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40 practice notes
  • Stauffer v. Lothamer, No. 3-1177A297
    • United States
    • Indiana Court of Appeals of Indiana
    • April 16, 1981
    ...415; Henry v. State, (1978) 269 Ind. 1, 379 N.E.2d 132; Grigsby v. State, (1978) 267 Ind. 465, 371 N.E.2d 384; Stinson v. State, (1974) 262 Ind. 189, 313 N.E.2d 699; Wilson v. State, (1970) 253 Ind. 585, 255 N.E.2d 817; Widup v. State, (1967) 250 Ind. 1, 230 N.E.2d 767; Taylor v. Garnett, (......
  • Matheney v. State, No. 45S00-9207-PD-584
    • United States
    • Indiana Supreme Court of Indiana
    • November 24, 1997
    ...and repose is ample reason to require some hint of a problem before granting a motion to disclose the jurors' names. Cf. Stinson v. State, 262 Ind. 189, 313 N.E.2d 699 (Ind.1974) (affirming denial of request to set aside the jury's verdict supported by juror affidavits claiming impermissibl......
  • Dean v. State, No. 580S122
    • United States
    • Indiana Supreme Court of Indiana
    • April 14, 1982
    ...jury so that it may properly evaluate its contents.' "The language of this instruction is taken from the case of Stinson v. State (1974), 262 Ind. 189, 313 N.E.2d 699. There were two victims to the armed robbery, one of whom testified that he did not get a clear look at the robber and was t......
  • Solomon v. State, No. 581S129
    • United States
    • Indiana Supreme Court of Indiana
    • September 1, 1982
    ...it is well settled that a defendant may not interrogate the jury for the purpose of impeaching their verdict. Stinson v. State, (1974) 262 Ind. 189, 313 N.E.2d 699. In Stinson, 262 Ind. at 198, 313 N.E.2d at 704, we "If this Court were to permit individual jurors to make affidavits or give ......
  • Request a trial to view additional results
40 cases
  • Stauffer v. Lothamer, No. 3-1177A297
    • United States
    • Indiana Court of Appeals of Indiana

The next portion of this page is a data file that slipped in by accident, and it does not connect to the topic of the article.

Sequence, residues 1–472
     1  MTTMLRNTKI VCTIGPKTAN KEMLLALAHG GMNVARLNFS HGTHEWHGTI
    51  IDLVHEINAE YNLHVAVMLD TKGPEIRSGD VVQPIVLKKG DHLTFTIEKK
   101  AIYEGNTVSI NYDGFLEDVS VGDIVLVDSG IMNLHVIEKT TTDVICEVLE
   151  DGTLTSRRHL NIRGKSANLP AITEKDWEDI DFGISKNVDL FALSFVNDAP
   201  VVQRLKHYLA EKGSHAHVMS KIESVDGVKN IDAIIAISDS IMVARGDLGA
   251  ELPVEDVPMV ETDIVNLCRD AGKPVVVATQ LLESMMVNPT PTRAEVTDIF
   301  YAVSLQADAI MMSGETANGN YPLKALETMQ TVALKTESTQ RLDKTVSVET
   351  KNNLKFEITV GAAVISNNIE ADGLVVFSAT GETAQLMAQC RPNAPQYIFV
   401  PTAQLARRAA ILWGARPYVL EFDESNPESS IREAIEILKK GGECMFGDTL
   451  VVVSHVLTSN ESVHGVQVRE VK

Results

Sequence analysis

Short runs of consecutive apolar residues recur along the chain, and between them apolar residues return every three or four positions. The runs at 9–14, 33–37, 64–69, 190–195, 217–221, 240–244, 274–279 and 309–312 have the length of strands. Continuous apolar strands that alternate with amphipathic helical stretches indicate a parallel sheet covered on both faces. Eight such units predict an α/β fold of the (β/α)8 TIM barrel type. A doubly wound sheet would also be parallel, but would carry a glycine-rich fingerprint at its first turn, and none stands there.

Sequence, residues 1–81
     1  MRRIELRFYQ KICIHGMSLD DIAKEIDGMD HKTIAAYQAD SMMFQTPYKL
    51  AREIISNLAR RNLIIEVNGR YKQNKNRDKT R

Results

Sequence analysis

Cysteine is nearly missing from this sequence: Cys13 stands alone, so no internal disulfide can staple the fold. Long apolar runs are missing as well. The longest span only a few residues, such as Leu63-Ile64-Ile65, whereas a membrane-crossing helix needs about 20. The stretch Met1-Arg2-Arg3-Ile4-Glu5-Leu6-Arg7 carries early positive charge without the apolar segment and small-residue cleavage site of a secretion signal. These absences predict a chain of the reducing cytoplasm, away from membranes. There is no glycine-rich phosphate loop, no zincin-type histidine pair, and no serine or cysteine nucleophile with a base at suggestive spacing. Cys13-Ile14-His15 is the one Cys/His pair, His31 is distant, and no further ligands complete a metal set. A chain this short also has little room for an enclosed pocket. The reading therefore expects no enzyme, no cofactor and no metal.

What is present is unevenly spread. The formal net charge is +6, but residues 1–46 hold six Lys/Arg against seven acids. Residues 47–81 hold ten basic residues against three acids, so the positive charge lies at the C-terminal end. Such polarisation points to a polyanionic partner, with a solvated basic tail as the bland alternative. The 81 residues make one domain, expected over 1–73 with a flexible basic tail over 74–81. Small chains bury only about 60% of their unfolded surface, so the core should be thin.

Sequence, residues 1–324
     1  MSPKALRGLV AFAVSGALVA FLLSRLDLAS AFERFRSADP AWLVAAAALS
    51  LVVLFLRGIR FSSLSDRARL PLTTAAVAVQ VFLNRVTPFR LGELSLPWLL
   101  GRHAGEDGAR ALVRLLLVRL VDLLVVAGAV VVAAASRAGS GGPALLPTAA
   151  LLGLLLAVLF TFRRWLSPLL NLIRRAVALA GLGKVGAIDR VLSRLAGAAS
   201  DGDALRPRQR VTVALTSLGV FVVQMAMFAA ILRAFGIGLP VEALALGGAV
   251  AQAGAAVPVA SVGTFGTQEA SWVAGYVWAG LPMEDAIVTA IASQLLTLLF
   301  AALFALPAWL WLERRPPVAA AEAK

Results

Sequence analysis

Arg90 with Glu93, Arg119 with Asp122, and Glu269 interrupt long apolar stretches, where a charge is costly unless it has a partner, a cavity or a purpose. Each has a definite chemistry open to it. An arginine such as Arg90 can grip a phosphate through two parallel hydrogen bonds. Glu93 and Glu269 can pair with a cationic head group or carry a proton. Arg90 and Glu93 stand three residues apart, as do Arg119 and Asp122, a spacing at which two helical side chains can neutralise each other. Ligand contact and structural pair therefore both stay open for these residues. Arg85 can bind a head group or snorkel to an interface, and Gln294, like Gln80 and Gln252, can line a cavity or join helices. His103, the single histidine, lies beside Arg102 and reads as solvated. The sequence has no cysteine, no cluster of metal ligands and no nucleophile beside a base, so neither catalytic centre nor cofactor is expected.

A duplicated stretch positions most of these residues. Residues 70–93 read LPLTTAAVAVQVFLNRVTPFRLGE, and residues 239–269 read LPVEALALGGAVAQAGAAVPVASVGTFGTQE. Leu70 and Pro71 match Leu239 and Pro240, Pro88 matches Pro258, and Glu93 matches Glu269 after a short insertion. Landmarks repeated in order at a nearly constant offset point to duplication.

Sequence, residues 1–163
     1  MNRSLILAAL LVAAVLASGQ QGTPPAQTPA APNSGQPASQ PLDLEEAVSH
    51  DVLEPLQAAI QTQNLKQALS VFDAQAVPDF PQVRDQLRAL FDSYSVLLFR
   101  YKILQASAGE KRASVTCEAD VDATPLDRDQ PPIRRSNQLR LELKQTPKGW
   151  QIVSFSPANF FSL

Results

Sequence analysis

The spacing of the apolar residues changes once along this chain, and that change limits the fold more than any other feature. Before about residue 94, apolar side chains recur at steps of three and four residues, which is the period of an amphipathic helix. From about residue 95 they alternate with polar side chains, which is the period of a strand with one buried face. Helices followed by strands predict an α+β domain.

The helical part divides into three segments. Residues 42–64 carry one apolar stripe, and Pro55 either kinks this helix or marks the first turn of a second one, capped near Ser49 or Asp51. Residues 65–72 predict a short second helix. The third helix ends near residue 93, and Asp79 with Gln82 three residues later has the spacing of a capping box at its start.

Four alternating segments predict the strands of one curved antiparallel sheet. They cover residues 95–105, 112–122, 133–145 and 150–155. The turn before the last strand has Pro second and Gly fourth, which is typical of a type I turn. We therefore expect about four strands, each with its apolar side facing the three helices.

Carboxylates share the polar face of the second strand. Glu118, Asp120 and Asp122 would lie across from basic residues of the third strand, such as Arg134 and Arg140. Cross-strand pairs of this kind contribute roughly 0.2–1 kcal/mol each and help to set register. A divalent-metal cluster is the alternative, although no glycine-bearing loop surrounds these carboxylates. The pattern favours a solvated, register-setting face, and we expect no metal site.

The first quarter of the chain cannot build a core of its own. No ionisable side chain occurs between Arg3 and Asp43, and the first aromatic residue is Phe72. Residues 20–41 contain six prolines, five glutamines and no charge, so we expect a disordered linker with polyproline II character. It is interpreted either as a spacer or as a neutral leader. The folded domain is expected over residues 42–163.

• April 16, 1981
    ...415; Henry v. State, (1978) 269 Ind. 1, 379 N.E.2d 132; Grigsby v. State, (1978) 267 Ind. 465, 371 N.E.2d 384; Stinson v. State, (1974) 262 Ind. 189, 313 N.E.2d 699; Wilson v. State, (1970) 253 Ind. 585, 255 N.E.2d 817; Widup v. State, (1967) 250 Ind. 1, 230 N.E.2d 767; Taylor v. Garnett, (......
  • Matheney v. State, No. 45S00-9207-PD-584
    • United States
    • Indiana Supreme Court of Indiana
    • November 24, 1997
    ...and repose is ample reason to require some hint of a problem before granting a motion to disclose the jurors' names. Cf. Stinson v. State, 262 Ind. 189, 313 N.E.2d 699 (Ind.1974) (affirming denial of request to set aside the jury's verdict supported by juror affidavits claiming impermissibl......
  • Dean v. State, No. 580S122
    • United States
    • Indiana Supreme Court of Indiana
    • April 14, 1982
    ...jury so that it may properly evaluate its contents.' "The language of this instruction is taken from the case of Stinson v. State (1974), 262 Ind. 189, 313 N.E.2d 699. There were two victims to the armed robbery, one of whom testified that he did not get a clear look at the robber and was t......
  • Solomon v. State, No. 581S129
    • United States
    • Indiana Supreme Court of Indiana
    • September 1, 1982
    ...it is well settled that a defendant may not interrogate the jury for the purpose of impeaching their verdict. Stinson v. State, (1974) 262 Ind. 189, 313 N.E.2d 699. In Stinson, 262 Ind. at 198, 313 N.E.2d at 704, we "If this Court were to permit individual jurors to make affidavits or give ......
  • Request a trial to view additional results